Gitga’at Nation and Haida Nation are hosting federal pilot projects to develop, test and evaluate a new maritime awareness information system.
On March 13, during a speech at the British Columbia Chamber of Shipping’s Annual General Meeting, the Marc Garneau, minister of transport, announced that under the Oceans Protection Plan, the Government of Canada is launching the pilot projects for the Enhanced Maritime Situational Awareness initiative on B.C.’s North Coast and investing in measures to reduce the underwater noise impacting Southern Resident Killer Whales.
Starting fall 2018 until fall 2019, the two Nations will work with Transport Canada, the Canadian Coast Guard and other federal departments on the projects.
“I am proud of the partnerships our Government is building under the Oceans Protection Plan,” Garneau said. “The traditional knowledge and expertise we are gaining from Canada’s Indigenous peoples and coastal communities is a critical element to safeguarding Canada’s waters, and the Enhanced Maritime Situational Awareness initiative is an excellent example of these partnerships at work.
“In addition, Budget 2018 funding will allow us to take the next steps needed to address the impacts of human activities that are threatening endangered whales. Safeguarding whales is a government priority that we take very seriously.”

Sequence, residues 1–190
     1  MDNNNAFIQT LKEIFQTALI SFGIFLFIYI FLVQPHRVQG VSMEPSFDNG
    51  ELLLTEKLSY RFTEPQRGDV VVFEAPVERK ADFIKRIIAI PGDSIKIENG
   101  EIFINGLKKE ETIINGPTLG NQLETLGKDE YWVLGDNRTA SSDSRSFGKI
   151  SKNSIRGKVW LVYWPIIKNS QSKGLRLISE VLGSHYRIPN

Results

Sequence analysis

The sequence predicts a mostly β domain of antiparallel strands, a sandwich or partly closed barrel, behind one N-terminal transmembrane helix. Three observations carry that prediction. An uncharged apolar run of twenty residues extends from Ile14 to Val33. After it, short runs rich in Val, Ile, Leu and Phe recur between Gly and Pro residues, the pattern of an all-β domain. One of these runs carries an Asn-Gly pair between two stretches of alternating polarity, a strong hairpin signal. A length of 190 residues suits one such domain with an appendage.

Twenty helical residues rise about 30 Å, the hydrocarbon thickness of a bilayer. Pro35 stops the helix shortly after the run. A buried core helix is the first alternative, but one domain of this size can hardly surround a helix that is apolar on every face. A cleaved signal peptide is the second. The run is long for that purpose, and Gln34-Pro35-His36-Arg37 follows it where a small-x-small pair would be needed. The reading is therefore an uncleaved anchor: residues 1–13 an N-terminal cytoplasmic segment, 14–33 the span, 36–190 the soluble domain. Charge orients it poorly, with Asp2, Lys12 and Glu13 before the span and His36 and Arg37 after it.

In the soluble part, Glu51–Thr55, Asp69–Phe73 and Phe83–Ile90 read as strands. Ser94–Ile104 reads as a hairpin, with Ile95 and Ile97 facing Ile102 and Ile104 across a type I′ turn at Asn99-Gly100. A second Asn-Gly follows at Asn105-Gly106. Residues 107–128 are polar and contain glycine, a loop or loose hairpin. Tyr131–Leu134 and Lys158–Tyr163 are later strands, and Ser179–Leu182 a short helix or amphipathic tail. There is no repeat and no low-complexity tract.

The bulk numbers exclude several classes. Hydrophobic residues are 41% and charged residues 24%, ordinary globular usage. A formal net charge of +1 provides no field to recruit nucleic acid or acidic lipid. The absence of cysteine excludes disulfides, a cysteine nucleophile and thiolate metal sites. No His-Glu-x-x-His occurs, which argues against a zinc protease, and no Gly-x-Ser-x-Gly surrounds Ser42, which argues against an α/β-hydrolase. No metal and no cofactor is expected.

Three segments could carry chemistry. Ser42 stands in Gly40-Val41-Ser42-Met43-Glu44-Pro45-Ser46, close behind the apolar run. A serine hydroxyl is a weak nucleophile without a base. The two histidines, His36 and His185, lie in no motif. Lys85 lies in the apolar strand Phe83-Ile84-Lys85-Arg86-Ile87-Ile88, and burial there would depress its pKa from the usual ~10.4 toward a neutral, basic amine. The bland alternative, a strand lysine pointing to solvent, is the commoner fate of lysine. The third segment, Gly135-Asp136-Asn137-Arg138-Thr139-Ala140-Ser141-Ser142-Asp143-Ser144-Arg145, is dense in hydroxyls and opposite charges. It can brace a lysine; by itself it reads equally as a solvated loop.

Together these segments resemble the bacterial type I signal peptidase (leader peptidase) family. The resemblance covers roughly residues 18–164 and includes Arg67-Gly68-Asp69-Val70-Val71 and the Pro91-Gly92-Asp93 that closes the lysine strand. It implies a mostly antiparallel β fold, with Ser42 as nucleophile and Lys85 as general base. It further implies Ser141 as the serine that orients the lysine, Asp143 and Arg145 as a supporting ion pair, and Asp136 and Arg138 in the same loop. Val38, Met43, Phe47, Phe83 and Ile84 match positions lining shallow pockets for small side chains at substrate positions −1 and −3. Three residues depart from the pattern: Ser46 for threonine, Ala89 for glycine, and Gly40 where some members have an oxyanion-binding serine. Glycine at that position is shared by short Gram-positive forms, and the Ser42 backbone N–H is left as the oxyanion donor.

The system will provide coastal partners, including Indigenous peoples, provincial governments and scientific non-governmental organizations, with essential maritime information, including near real-time data on ship traffic. The Haida and Gitga’at Nations are the first of up to nine communities that will host pilot versions of the new system across Canada’s three coasts.
“The Gitga’at First Nation is pleased to participate in the Enhanced Maritime Situational Awareness pilot project that will collect near real-time information on vessel traffic, and also provide the ability to monitor marine mammals,” said Roger Sterritt, manager of the Gitg’at emergency response team. “Being able to contribute to and have access to other sources of this critical information will serve to enhance prevention measures and improve response capacity in the event of a marine emergency in local waterways.”
President of Haida Nation, kil tlaats ‘gaa Peter Lantin, said the initiative gives access to the best coastal marine information available today.
“We’ll be aware of all shipping traffic in near real-time, be able to make informed decisions if there is a crisis or accident and better plan for the future; such as, keeping vessels well offshore. By incorporating our Nation’s deep ocean knowledge into the system, all users in the future will have a better understanding of Haida Gwaii and the reasons we insist on its protection,” Lantin said.
The federal government’s Oceans Protection Plan is a $1.5 billion investment aimed to protect Canada’s coasts and waterways. The government plans to create a world-leading marine safety system that provides economic opportunities for Canadians, while protecting our coasts and waterways for generations to come. This work is being done in close collaboration with Indigenous peoples, local stakeholders and coastal communities.